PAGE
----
Waterways are often the most visible feature of a stormwater system for the communities they pass through. Communities can be highly engaged with their valued waterways and often seek ways to restore, interact with and improve their environmental sustainability. Therefore, waterway design must deliver hydraulic engineering performance, ecological values as well as other community concerns like aesthetics. This requires a balance of often conflicting perspectives.
Hydraulically, waterways need to convey baseflow, small storm freshes, and floods. However, the other drivers result in the form of a waterway being complex, needing to incorporate varying morphology, slope, ground conditions, vegetation, habitat features, engineering structures and spatial constraints, to list but a few. Accommodating all this is complicated by competing requirements; for example achieving flood conveyance while providing a healthy, sustainable habitat. The first would see wide, open, smooth, stable waterway cross-sections while the second seeks nearly the opposite with narrower, dynamic normal-flow channels incorporating shading, plant cover, bank undercutting and variations in velocity and depth.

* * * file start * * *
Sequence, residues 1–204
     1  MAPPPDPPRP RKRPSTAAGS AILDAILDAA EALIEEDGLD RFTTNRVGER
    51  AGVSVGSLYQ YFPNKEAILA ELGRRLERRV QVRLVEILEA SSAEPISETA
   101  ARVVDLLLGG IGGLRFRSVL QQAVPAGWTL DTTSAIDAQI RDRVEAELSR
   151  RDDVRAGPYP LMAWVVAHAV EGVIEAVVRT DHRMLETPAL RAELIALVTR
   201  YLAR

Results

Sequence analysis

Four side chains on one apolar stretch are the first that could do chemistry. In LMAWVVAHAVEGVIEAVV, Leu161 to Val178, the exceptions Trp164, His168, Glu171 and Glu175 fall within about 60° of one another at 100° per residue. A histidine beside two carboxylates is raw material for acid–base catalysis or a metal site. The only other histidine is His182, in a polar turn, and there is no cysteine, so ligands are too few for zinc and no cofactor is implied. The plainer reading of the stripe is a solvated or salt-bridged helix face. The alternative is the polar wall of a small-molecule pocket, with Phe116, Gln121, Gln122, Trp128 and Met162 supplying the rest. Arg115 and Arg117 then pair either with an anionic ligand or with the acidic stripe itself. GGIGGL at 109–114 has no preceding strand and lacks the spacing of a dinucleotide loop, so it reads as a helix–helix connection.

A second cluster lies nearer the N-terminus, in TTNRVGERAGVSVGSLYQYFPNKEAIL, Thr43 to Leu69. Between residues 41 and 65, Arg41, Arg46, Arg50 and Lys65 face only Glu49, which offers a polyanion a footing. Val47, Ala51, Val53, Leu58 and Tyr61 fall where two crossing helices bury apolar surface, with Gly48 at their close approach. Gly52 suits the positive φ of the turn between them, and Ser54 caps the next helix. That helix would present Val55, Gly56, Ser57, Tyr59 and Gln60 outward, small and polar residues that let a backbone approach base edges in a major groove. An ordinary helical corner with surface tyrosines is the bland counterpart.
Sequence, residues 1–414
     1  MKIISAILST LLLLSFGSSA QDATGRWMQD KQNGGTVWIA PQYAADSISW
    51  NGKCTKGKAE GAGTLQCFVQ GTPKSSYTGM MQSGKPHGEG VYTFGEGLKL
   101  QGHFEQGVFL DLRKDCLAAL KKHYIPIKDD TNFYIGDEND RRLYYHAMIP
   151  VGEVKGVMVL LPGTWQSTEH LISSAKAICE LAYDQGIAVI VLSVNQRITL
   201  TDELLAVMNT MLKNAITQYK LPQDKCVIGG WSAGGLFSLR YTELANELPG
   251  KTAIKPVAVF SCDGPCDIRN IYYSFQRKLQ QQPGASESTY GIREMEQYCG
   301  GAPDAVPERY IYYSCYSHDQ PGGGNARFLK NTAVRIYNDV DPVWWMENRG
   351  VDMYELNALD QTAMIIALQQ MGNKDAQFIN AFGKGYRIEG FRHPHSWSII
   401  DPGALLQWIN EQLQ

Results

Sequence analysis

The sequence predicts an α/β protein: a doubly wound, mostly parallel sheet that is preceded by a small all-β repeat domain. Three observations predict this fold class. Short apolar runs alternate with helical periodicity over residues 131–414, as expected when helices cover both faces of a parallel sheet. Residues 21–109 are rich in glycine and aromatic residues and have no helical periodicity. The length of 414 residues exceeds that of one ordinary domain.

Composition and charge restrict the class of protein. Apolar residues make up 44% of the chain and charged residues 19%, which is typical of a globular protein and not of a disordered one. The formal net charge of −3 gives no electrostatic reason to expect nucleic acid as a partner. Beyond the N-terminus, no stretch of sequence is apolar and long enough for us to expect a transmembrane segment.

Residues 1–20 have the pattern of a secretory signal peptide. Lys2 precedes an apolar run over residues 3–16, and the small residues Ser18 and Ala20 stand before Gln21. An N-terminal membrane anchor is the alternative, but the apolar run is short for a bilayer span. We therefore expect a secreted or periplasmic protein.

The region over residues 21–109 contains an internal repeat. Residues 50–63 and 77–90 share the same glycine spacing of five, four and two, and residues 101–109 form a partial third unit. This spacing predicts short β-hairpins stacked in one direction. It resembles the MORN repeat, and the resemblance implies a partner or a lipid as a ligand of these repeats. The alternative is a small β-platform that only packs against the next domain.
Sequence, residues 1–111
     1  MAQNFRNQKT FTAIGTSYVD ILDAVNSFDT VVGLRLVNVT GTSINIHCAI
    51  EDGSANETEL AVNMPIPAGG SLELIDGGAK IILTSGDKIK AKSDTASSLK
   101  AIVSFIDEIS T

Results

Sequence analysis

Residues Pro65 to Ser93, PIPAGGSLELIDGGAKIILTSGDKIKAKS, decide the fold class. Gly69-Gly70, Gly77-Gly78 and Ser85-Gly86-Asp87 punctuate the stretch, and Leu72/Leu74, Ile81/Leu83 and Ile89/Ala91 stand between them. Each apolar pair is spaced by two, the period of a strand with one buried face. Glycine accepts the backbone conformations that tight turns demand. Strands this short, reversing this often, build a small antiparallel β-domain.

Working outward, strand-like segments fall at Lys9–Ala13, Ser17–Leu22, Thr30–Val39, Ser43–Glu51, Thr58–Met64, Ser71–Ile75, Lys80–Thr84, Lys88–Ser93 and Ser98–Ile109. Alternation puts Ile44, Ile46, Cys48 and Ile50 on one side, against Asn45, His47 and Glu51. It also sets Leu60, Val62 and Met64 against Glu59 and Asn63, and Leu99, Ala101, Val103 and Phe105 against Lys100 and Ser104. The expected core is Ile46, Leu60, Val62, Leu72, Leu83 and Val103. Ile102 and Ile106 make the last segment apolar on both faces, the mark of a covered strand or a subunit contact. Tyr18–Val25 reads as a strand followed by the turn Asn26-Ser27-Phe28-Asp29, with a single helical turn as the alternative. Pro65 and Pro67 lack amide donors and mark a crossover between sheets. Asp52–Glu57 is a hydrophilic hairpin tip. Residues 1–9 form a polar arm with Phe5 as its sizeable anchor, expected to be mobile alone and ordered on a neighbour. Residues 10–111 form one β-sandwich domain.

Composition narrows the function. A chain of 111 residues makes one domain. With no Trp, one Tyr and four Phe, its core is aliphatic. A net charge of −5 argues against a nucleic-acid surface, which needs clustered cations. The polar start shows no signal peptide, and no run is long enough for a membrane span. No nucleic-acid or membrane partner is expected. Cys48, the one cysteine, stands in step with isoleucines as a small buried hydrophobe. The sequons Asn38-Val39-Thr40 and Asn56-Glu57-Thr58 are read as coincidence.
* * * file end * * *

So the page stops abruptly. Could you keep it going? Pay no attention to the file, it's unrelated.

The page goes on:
This paper presents two different project examples where hydraulic, ecological, landscape and other multidisciplinary design elements have been successfully balanced, and identifies the key project features that can be applied in other waterway designs.
Firstly, Christchurch City Council’s Dudley Creek Flood Remediation project aims to restore the pre-earthquake flood risk to the Flockton Street Area. It involves 2 km of flood channel widening through private property and road reserve, plus a 790 m flood bypass conduit.
In the second example, NZ Transport Agency’s MacKays to Peka Peka Expressway on the Kapiti Coast includes over 5 km of new and enhanced waterway, to mitigate that lost to the Expressway. This too must balance the significant flood risk that is a feature of urban and rural areas around the project, while supplying suitable ecological mitigation.